Moore said he found the fob and ring under a barbed wire fence, 200 feet from the spot where the constable's body was found, and along the route said to have been taken by Allen after the shooting.
Physician is Called
Dr. George W. Campbell, who performed the autopsy on De Moranville's body, was the first witness yesterday. He examined the body the day after the shooting, he said, and found that the bullet, evidently discharged from a 32-caliber revolver, had penetrated the right side, near the armpit, and, passing through the fourth rib and a lung, had lodged under the skin, almost directly opposite to the point of entrance.
Petro Castreno, called to detail De Moranville's movements immediately preceding the shooting, aided somewhat the theory of the defense that Allen fired when he believed he was about to be robbed, by stating, in reply to questions propounded by Allen's attorneys, Fred Thompson and Dudley Robinson, that the night was quite dark and that it would be difficult to distinguish a person's identity, even at a short distance.
Frank I. Putka, a bartender employed at Rivera's saloon, said Allen came to the saloon about three hours before the shooting, left his belongings, but failed to return for them.
The trial will be resumed today.
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Man's Fate May Hang on Thread.
Prosecution Rests in Allen Murder Case.
Accused Denies Crawling Through Fence.
Says He Shot at Person He Supposed Intended to Hold Him Up on the Lonely Road.
Los Angeles Herald | June 4, 1909.
When the prosecution rested yesterday in the trial of John W. Allen, "Arizona Jack," charged with killing Charles de Moranville at Newhall January 4, Allen's fate apparently hung on a shred of cloth, torn from his coat by the barb of a wire fence, it is claimed, while he was making his escape from the scene of the killing. Further evidence was introduced to show that Allen's watch fob was not snatched from him by robbers, but was also lost when he crawled through the fence.
Allen says he ran along the railroad track after he fired a shot at a man he believed was about to hold him up and that he did not, according to the theory of the prosecution, pass through the fence on either side.
Charles H. Kellogg, a rancher at Saugus, said Allen appeared at his place the day after the shooting and was arrested there by Sheriff Hammel. The most direct route to the ranch, he said, was along the railway. The sheriff was also a witness, testifying that Allen made no resistance when he was arrested.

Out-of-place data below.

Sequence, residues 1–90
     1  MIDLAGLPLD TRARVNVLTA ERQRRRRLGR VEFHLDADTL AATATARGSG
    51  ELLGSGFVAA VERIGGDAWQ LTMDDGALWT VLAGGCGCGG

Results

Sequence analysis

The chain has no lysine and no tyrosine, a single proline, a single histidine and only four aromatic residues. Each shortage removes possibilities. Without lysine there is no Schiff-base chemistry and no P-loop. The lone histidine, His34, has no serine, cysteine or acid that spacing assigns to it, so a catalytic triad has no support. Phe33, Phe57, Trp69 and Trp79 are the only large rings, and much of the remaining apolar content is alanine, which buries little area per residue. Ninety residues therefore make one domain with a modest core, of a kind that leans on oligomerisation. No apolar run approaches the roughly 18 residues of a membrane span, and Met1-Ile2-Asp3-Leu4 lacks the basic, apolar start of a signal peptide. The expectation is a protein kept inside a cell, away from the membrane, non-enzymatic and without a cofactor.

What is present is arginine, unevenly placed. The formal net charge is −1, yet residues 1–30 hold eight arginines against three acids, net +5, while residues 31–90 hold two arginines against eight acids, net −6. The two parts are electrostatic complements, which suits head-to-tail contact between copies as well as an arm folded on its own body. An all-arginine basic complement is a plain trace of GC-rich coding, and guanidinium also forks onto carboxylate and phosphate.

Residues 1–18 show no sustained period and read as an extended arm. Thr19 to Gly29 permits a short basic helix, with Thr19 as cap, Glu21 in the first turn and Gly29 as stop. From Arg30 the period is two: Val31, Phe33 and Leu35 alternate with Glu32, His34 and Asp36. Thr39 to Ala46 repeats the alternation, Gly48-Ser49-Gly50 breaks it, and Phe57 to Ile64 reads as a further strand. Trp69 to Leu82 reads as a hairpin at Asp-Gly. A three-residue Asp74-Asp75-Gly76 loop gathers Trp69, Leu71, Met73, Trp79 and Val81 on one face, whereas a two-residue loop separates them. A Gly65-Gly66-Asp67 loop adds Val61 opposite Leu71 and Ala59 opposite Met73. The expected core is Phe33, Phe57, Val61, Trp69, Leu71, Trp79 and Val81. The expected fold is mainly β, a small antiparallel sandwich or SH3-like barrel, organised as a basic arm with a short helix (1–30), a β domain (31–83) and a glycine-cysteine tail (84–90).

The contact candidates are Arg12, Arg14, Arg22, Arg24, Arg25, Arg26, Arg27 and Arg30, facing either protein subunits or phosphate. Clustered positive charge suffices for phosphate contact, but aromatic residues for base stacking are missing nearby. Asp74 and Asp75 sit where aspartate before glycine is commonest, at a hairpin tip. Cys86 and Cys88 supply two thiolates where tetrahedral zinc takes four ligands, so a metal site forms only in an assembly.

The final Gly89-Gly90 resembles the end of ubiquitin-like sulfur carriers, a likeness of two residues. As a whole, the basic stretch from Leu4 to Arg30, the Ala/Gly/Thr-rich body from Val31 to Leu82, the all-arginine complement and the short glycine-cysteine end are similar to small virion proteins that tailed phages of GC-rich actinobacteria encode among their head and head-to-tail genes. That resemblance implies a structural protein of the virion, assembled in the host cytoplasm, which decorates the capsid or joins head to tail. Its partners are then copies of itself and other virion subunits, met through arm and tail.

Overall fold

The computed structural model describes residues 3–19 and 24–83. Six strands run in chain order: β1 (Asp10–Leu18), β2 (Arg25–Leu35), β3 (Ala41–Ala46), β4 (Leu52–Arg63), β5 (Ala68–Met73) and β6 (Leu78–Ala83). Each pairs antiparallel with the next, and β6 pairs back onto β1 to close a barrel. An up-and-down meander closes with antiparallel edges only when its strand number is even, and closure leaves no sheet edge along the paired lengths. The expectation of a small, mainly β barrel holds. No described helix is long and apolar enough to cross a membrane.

"I asked him if he knew he had shot a man the night before," said the sheriff, "and he replied that he would not admit he had shot anybody. I told him he was charged with killing De Moranville, and he said, 'Why, I wouldn't hurt Charley for the world; he was one of my best friends.'"
The defense will begin introducing testimony this morning and is expected to close by the time court adjourns this afternoon. It is probable Judge Davis will continue the case for argument until Monday.
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Lawyers Charge Murder Record.
John Allen Named in Old Arkansas Case.
Book Agent Identifies Man On Trial Here.
Defendant Tells of Manner in Which Charles de Moranville Was Killed at Night Near Newhall.
Los Angeles Herald | June 5, 1909.
A surprise was sprung yesterday in the trial of John W. Allen, charged with killing Charles de Moranville January 4, when, in rebuttal, Deputy District Attorney Asa Keyes introduced a certified copy of court proceedings at Little Rock, Ark., in 1888, showing that a man supposed to have been the defendant was convicted of murder and sentenced to five years in the Arkansas penitentiary. Allen was identified by a former resident of Little Rock, Douglass Norwood, a book agent, as the man convicted more than twenty years ago, but before the prosecution could follow up its effort to prove that Allen is a desperate character Judge Davis ruled that all the evidence in this connection must be disregarded by the jury, owing to the fact that the Arkansas certificate was not properly certified.
That the principal purpose for the creation of the office of deputy constable at Newhall was to enhance the financial fortunes of the incumbent was apparent in the early hours of the trial yesterday, when Allen's attorneys began the introduction of testimony.
J.F. Powell, a Newhall justice, was the first witness called. Seventy-one arrests, he said, had been made by De Moranville as deputy constable in the month of December, last year, and of this number there were sixty-eight convictions. The expense to the county totaled $699.25, or $4.15 in each case where the prisoner was released and $10.10 where a conviction and sentence to a term in the county jail resulted. In each case the justice received $3 for issuing the complaint, $1 was paid to the deputy for making the arrest, 15 cents for mileage to the justice court, $3.95 for mileage to the county jail and $2 railroad fare for the officer accompanying the prisoner.